History and examination are important not just to confirm the diagnosis but to consider other possibilities too. The patient may look fatigued and agitated but not unwell. An aura of neurosis may be misleading. Chronic pain that is undiagnosed despite the patient having seen several doctors, many of whom may have been rather dismissive, could be the cause of neurosis rather than the result.
Some abnormalities of carbohydrate metabolism have been found. The level of substance P in the cerebrospinal fluid around the brain and spinal cord is about three times normal. Substance P is a nervous transmitter that is associated with pain. Nevertheless, the condition is described as of unknown aetiology (cause). There is no laboratory test to help with diagnosis and no useful imaging technique such as x-rays or MRI. The diagnosis has to be made on the basis of variable complaints and physical signs. There is no diagnostic imaging technique or laboratory test to help with the diagnosis of Parkinson’s disease, but no one would dispute its existence. However, there are quite definite abnormalities in the brain in Parkinson’s Disease and these can be demonstrated post mortem.
There is also considerable clinical overlap with chronic fatigue syndrome or CFS, previously called myalgic encephalitis or ME and this condition is discussed in the next chapter.
In clinical practice the diagnosis of “fibromyalgia” is often given to individuals with chronic widespread pain for which no alternative cause can be identified.
According to the NHS website, the most widely used criteria for diagnosis are:
- Severe pain in 3 to 6 different specific areas of the body, or milder pain in 7 or more different areas
- Symptoms have stayed at a fairly constant level for at least 3 months and no other reason for the symptoms has been found
The 1990 classification criteria of the American College of Rheumatology (ACR) for fibromyalgia syndrome (FMS) combine chronic widespread pain (CWP), which indicates pain on both sides of the body, above and below the waist. There is tenderness on pressing in at least 11 out of 18 defined tender points. The picture of The Three Graces by Rafael has been used as the basis for demonstrating those points. Fibromyalgia is typically accompanied by sleep disturbance, fatigue, and anxiety, and by other symptoms such as depression, gastrointestinal symptoms, and headache. In addition, it is often associated with chronic fatigue syndrome, irritable bowel syndrome (IBS), irritable bladder syndrome or interstitial cystitis, and temporomandibular disorder. The last is pain in the jaw joint. The common theme is that patients have chronic pain and other bodily symptoms, but without apparent tissue damage or inflammation.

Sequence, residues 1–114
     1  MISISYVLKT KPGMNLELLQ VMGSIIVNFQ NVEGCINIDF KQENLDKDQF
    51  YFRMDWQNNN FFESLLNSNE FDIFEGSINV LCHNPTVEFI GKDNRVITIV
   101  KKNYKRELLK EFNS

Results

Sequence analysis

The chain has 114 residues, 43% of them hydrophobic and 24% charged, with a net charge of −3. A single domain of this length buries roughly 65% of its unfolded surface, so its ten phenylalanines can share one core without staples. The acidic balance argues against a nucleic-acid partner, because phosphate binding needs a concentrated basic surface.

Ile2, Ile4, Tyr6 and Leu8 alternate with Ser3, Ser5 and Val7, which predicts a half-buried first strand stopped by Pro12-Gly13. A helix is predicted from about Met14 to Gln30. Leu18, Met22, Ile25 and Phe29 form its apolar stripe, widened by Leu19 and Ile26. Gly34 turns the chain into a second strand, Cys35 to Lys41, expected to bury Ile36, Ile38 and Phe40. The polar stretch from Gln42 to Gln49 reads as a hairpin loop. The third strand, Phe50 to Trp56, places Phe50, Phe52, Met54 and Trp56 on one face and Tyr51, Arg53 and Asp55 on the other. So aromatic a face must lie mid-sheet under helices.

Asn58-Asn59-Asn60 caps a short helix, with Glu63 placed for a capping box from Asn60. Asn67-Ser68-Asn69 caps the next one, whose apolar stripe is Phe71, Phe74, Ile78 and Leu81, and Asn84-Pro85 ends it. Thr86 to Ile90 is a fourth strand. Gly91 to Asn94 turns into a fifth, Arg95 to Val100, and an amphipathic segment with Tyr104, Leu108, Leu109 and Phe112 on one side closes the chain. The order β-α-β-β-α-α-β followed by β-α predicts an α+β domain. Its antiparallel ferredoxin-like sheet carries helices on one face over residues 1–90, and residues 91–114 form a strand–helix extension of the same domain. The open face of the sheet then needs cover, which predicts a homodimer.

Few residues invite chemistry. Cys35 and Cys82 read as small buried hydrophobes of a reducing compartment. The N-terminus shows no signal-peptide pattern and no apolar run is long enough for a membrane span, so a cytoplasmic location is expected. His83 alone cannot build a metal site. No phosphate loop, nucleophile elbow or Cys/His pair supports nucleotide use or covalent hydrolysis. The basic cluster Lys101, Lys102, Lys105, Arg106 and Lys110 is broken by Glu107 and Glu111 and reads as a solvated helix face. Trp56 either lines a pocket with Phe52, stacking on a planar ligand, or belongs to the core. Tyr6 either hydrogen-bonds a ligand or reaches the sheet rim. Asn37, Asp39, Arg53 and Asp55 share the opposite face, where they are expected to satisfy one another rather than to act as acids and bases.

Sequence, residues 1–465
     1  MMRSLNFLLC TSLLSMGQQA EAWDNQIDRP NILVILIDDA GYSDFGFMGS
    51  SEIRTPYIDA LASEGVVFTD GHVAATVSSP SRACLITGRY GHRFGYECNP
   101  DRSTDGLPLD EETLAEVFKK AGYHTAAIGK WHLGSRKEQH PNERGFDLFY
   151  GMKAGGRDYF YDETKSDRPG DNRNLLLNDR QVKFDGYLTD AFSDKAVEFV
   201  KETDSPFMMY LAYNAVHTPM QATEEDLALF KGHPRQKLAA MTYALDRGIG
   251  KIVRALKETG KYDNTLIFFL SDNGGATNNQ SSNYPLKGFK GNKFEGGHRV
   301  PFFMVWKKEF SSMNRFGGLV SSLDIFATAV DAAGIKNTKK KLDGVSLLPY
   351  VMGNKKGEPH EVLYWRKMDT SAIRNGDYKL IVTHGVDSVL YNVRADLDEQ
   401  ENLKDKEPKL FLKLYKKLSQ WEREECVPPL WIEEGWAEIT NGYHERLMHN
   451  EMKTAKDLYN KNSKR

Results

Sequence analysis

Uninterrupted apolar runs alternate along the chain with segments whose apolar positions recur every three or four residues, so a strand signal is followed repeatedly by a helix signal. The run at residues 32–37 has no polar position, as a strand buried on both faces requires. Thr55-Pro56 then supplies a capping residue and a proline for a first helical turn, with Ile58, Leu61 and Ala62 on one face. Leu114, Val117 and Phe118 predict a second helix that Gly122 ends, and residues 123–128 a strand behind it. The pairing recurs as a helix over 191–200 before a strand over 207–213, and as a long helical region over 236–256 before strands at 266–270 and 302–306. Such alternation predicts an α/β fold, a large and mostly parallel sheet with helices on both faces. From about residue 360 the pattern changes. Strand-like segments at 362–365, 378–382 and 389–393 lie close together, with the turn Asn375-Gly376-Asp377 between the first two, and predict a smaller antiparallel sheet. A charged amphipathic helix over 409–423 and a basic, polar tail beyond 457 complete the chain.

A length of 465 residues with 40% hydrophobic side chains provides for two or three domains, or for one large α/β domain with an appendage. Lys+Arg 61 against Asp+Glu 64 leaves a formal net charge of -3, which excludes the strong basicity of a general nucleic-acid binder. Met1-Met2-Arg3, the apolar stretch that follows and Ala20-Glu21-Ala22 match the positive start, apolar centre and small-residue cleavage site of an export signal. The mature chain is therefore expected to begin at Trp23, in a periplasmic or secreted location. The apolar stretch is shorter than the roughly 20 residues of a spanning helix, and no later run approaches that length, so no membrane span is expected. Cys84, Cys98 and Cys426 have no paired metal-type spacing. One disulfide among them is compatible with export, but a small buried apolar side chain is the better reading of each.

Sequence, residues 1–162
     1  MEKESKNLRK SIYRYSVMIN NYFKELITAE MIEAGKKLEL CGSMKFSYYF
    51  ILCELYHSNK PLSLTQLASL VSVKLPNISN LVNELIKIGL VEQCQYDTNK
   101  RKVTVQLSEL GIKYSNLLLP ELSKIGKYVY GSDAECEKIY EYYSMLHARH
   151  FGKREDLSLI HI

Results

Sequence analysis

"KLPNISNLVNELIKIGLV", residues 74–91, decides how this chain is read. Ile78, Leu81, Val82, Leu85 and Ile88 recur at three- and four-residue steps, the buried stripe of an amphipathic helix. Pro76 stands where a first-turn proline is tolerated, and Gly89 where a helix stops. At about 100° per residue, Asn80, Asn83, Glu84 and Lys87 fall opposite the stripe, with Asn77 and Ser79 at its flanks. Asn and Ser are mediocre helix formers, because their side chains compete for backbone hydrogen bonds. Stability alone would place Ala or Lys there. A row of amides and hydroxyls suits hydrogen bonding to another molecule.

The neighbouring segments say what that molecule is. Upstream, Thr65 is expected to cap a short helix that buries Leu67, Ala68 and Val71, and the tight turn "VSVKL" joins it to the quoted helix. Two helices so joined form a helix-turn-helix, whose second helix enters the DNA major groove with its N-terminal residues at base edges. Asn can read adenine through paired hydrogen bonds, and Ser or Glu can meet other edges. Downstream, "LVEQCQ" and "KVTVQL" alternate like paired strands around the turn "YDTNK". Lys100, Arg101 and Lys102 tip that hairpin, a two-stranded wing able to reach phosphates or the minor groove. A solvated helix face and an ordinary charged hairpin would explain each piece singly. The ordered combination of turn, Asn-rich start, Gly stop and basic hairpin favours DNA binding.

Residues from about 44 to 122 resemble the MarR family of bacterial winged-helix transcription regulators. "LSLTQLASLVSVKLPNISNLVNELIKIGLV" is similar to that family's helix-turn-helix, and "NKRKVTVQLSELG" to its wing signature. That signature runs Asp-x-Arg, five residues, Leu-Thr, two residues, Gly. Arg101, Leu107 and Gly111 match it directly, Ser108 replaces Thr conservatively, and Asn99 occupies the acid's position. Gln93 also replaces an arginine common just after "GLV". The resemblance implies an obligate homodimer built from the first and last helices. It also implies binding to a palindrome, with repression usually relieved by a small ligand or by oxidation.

The “trigger points” are shown in this picture based on The Three Graces by Rafael. The theme of the Three Graces has been copied by many artists and sculptors
The term “management” is preferred to “treatment” as the latter may imply a cure which is not always possible. Management includes far more than just treatment. There is no cure for fibromyalgia, but the patient will be much reassured to know that a firm diagnosis has been made and that she is not being dismissed as neurotic. The absence of a cure should not be confused with an absence of management. 4Guidelines on the management of fibromyalgia A firm and confident approach is required.
Rehabilitation and physiotherapy must be carefully monitored as it can aggravate the situation. Daily aerobic exercise at least 3 times a week and flexibility training can be useful. The goal is to exercise safely and without increased pain. Much of the aim of exercise is to reverse the process of lack of fitness as a result of the disease. A Cochrane review concluded that supervised aerobic exercise training has beneficial effects on physical capacity and symptoms.5Exercise for treating fibromyalgia Cognitive behavioural therapy, relaxation training, group therapy, biofeedback, and stress management are some of the most useful options but more research is needed. A systematic review from the European League Against Rheumatism found that the only recommendation for management with a strong recommendation was exercise.6EULAR revised recommendations for the management of fibromyalgia